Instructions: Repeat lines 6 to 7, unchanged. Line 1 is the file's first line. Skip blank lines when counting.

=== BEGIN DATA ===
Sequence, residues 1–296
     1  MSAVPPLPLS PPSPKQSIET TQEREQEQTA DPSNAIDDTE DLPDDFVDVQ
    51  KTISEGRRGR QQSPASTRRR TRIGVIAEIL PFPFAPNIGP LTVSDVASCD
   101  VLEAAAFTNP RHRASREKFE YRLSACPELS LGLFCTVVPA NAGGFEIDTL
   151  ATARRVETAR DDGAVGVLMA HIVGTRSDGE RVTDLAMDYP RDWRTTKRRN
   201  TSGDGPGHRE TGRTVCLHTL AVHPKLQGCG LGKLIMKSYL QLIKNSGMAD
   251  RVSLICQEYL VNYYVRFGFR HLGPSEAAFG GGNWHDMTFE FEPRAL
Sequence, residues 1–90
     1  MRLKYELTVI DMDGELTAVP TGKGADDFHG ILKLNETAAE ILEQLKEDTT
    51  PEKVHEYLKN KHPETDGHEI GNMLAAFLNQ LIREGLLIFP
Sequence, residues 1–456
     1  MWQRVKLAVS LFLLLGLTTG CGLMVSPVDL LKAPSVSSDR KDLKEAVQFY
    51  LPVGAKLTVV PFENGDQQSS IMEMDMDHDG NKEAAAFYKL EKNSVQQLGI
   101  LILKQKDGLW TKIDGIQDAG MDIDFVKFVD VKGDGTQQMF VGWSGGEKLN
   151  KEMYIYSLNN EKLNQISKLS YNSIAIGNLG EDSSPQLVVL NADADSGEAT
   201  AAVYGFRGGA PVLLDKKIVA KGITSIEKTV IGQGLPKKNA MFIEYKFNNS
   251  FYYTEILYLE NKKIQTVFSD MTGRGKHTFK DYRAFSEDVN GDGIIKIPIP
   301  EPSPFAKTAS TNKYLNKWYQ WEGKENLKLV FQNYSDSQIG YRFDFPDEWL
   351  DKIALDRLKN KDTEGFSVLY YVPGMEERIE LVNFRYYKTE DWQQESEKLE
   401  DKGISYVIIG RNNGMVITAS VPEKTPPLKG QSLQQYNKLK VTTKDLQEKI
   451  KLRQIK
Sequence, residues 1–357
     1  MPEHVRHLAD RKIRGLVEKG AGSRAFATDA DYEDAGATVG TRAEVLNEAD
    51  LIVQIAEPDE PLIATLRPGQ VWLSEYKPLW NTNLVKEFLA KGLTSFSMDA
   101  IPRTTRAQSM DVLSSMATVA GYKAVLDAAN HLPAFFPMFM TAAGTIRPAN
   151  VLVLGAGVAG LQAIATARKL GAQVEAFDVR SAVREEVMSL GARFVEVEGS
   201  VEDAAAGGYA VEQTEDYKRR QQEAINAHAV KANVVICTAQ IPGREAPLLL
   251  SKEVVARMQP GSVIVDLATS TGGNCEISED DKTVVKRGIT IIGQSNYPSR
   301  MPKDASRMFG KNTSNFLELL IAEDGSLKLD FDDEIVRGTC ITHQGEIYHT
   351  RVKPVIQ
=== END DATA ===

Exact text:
   201  TSGDGPGHRE TGRTVCLHTL AVHPKLQGCG LGKLIMKSYL QLIKNSGMAD
   251  RVSLICQEYL VNYYVRFGFR HLGPSEAAFG GGNWHDMTFE FEPRAL